Thank you for the response @Nicoleta. I appreciate it when I've ventured to give the clumsy version of my observation to have someone to refine it and define it properly.
Oh! One thing I thought of later - sometimes things that get thrown out there as "fact" about you are actually only a working hypothesis, except the NFJ types often assume that everyone thinks like that, so they forget to mention that what sounds like a statement is always up for negotiation, nuance, correction and so on.
Inversely, Te statements are the same way. With my ESTJ former boyfriend, I never realized that he was actually much less decided than he sounded about some things that to me sounded like solid plans and was actually indirectly asking for my input. I don't usually verbalize decisions until I'm really sure that that's what I want. People related statements though are totally up for grabs and I'm always sorting, recategorizing, etc.
One thing others find somewhat unsettling is the NFJ drive to understand how people work, and to analyze other people even when they aren't around to try to figure out their behaviour (so they can respond more appropriately). For me, there is no greater compliment that someone truly trying to understand me and get to know me well, so it sometimes doesn't occur to me that other people might not appreciate that in the same way.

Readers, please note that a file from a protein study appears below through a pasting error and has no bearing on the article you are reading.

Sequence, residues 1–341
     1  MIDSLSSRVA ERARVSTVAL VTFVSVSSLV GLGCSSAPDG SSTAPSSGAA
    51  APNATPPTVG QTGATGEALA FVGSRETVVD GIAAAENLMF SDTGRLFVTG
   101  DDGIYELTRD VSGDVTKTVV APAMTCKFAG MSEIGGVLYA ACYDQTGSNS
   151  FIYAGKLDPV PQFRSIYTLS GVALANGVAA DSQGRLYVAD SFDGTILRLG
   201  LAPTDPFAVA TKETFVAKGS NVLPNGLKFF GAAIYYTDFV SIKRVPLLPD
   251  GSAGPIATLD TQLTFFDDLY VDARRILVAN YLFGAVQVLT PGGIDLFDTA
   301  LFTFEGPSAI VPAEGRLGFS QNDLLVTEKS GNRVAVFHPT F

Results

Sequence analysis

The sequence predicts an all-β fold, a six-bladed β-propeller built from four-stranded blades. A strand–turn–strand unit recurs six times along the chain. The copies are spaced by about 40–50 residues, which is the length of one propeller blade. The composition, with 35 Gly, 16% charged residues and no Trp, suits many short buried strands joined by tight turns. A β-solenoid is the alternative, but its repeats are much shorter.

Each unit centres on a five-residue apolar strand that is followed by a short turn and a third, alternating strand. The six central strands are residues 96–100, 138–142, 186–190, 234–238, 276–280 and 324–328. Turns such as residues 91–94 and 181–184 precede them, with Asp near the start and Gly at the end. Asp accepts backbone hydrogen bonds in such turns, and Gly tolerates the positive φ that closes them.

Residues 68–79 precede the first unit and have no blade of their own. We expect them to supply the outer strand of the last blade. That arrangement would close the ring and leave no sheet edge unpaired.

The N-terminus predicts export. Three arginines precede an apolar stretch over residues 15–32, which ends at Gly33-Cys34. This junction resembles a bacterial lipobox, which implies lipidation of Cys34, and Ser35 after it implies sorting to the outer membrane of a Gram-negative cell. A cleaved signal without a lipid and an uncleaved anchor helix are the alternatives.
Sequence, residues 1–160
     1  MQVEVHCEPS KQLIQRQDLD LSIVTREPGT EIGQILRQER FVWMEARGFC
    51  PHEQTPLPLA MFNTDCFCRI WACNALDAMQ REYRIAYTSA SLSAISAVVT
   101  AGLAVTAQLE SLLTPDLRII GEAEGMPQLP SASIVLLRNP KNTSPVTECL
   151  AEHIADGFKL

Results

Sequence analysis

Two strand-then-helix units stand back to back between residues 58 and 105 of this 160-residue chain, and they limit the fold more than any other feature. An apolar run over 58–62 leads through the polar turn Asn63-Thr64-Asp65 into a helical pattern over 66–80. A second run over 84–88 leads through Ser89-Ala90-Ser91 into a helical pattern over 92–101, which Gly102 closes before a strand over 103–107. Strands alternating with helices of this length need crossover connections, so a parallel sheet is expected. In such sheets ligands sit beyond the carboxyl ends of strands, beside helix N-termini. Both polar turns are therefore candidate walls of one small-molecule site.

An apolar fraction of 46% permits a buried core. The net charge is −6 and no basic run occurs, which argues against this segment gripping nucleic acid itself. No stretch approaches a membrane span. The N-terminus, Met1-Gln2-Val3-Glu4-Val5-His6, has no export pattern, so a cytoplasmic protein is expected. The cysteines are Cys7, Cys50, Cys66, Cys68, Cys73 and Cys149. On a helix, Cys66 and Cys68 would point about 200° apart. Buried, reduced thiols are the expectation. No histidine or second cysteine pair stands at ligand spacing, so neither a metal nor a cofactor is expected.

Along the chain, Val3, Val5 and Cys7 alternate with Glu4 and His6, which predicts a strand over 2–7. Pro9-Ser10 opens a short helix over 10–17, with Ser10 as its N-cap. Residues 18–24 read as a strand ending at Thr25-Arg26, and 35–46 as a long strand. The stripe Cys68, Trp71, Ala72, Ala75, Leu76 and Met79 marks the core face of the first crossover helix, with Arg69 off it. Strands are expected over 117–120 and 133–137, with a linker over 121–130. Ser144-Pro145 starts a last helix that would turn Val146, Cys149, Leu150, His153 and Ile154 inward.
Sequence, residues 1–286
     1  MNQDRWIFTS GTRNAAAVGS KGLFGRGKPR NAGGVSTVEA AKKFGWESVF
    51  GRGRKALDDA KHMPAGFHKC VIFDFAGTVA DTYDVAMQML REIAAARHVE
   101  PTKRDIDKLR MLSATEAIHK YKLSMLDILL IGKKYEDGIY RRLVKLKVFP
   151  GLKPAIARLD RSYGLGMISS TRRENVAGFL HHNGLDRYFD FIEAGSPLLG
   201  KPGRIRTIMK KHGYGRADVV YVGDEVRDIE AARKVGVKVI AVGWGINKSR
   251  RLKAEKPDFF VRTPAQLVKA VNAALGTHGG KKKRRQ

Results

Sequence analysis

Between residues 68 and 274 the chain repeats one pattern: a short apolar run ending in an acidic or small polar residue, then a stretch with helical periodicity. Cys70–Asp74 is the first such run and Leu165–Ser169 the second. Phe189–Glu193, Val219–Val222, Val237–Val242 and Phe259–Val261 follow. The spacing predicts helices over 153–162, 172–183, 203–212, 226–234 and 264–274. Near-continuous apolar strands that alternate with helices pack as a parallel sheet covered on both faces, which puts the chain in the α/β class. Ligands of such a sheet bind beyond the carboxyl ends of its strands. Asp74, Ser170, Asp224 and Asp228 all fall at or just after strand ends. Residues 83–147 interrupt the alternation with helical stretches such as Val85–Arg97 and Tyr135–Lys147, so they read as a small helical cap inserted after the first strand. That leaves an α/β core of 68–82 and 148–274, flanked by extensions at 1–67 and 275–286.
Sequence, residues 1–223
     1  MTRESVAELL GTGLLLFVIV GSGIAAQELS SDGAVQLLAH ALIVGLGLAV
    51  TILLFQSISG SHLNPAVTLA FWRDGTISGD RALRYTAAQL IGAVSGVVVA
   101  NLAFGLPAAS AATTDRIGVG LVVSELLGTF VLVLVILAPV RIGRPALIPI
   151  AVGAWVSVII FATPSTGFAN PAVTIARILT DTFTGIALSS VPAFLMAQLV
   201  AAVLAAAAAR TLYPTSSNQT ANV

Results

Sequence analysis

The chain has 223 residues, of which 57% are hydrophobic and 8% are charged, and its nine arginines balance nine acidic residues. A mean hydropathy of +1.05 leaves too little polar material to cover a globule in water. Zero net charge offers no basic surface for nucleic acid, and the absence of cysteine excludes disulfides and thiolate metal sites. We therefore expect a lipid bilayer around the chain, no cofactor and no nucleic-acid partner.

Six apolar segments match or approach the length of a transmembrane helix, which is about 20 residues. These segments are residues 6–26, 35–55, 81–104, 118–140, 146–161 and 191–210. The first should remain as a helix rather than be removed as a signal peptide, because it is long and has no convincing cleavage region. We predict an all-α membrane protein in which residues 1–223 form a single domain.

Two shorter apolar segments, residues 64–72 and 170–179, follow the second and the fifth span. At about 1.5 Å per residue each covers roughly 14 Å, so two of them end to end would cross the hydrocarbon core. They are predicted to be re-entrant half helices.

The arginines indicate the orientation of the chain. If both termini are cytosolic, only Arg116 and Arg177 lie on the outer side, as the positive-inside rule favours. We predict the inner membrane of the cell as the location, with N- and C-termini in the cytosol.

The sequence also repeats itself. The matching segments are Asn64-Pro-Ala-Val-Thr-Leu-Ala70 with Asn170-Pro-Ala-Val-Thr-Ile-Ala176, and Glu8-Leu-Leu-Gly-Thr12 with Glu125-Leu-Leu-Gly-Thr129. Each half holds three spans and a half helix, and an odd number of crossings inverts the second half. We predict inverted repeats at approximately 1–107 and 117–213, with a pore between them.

Often NFJ people are much more focussed on the intended outcome rather than on process. So when you try to help them work through the process, they will become impatient unless they can see how it's directly leading towards the goal of the interaction. For NFP types, it seems to me that they are much more process oriented than outcome oriented, so they are more likely to see where the process takes them. They find value in the process even more than in what it yields.
Your feelings are valid, so rather than suppressing them, perhaps just adding to the information you have to understand what the other person is doing will help with your frustration at the situation. Then you can at least explain to your friend how those assumptions affect you. She might not really understand at first, but once she is alerted to the differences, I think it will influence her interactions.
(Oh yeah - I also forgot. NFJs can seem rather closed to other's input at first, but they do tend to mull over what you have to say, test it for truth, see where it fits in and try to implement some change over time. So, just be patient - they're hearing more than you may initially think).
Anyway, don't know if any of this is new or helpful to you. Usual disclaimer that I am not speaking for all NFJs or NFPs, but just am describing trends I've noticed.